“And on love, the Gospel says, ‘Love your enemy.’ I don’t find that in the Quran. It’s not really the same. I said that to make them reflect,” he continued.
“My essential point was: God created us free. Freedom is the most beautiful gift. God made us capable of sin. An animal is not capable of sin. An animal has instincts but no conscience. A human may not be reasonable but can choose right or wrong,” said Father Samir.
In Qom, Iran’s spiritual center, where some 45,000 clerics live, Father Samir said that one area of fruitful discussion was the separation of church and state: “We were discussing Iran, and I observed that maintaining a distinction between religion and politics helps both. They said they came to similar conclusions.”
The Jesuit has presented his experience to offices at the Vatican, including the Pontifical Council for Interreligious Dialogue.
A Lesson for the United States
Father Samir has not discussed his experience in Iran widely, but he thinks it is especially important for U.S. citizens to understand how they are perceived by Middle-Easterners, which includes Christian Arabs like him: born in Cairo of Egyptian parents.
“America has an important role in the world, but, sometimes, we feel it acts as though it has authority to interfere. For many, America is seen as imperialist. It also has to be Christian — and less aggressive.”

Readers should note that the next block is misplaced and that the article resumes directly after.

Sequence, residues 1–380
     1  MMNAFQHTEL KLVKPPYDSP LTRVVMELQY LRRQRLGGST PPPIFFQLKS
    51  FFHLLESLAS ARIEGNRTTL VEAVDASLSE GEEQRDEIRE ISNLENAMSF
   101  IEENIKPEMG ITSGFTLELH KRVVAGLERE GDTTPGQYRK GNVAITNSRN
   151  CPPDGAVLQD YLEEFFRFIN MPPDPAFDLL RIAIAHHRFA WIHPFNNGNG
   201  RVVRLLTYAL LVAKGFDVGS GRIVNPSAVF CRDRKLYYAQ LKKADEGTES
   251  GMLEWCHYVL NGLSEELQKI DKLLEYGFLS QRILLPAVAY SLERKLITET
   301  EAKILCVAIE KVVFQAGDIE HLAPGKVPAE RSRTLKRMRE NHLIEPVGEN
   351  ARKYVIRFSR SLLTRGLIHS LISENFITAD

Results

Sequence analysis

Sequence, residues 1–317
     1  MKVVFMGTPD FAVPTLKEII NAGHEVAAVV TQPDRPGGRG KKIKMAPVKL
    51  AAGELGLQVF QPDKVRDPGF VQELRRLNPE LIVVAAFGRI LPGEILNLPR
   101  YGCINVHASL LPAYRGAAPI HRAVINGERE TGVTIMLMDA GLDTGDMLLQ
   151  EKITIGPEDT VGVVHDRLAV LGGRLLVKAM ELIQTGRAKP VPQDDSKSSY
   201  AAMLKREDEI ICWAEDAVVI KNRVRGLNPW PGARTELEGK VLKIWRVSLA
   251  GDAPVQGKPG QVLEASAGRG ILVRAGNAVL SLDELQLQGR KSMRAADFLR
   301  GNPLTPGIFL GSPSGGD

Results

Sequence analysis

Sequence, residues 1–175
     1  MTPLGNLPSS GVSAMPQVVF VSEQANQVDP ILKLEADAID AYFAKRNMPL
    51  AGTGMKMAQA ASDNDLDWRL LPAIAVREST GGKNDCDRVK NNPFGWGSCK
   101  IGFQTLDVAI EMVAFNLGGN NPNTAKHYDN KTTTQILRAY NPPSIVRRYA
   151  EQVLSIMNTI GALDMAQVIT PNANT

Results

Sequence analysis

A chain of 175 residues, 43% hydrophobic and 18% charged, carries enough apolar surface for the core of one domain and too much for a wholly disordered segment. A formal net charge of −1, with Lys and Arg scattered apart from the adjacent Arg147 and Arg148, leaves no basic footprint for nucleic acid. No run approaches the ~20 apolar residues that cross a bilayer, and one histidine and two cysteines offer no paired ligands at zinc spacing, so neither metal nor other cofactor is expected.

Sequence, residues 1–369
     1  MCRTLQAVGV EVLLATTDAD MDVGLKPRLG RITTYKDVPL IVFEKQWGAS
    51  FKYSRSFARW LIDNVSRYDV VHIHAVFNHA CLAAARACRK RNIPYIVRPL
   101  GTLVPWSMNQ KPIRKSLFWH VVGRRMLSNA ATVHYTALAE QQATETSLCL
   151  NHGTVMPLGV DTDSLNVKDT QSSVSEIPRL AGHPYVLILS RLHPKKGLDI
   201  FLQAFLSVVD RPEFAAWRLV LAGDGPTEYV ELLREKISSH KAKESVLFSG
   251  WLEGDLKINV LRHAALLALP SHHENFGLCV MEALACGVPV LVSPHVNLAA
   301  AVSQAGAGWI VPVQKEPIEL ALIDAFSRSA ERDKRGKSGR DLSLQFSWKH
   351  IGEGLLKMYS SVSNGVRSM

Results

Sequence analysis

He presented a remarkably cogent explanation of Islamic radicalism, tracing the origins of the Middle-East conflict. He explained, “In 1948, something happened: the creation of a state where a state was already present. Israel was created in Palestine, where a people had been living for thousands of years. It was a great injustice for Palestinians, compensation for another injustice done to the Jews in Europe.”
On top of that, the United Nations failed to apply a plan for two nations: one for Israelis and one for Palestinians, an expectation that hasn’t happened in the last 65 years, the priest said.
“This changed the history of the world, because the other Arab countries and Muslim countries felt there was an organized aggression from the West against the Arab Muslims. It was a shock for the Muslims in the Middle East and elsewhere,” he said.
As a result, a breed of radical Islam emerged that did not exist, for example, in the 19th and early 20th centuries.
Father Samir believes there are powerful elements in the Muslim world, including people he met in Iraq and Iran who are eager to work with Christians for a more peaceful future.
It’s a revelation that helps explain some unexpected tweets from the Iranian leadership in late December.
President Hassan Rouhani tweeted, “Wishing Merry #Christmas to those celebrating, especially Iranian Christians” — and one directed to Pope Francis: “Felicitations to @Pontifex on birthday of Christ.”
Some people wondered if his account was hacked, but similar greetings were sent by Iran’s foreign minister and even from the supreme leader, Ayatollah Ali Khamenei.
Father Samir’s willingness to talk on the record for the first time about his experience in Iran helps clarify that the unexpected tweets were not just expressions from a cynical leadership desperate to woo the West into dropping economic sanctions against Iran.
Victor Gaetan writes from Washington.
He is a contributor to Foreign Affairs magazine.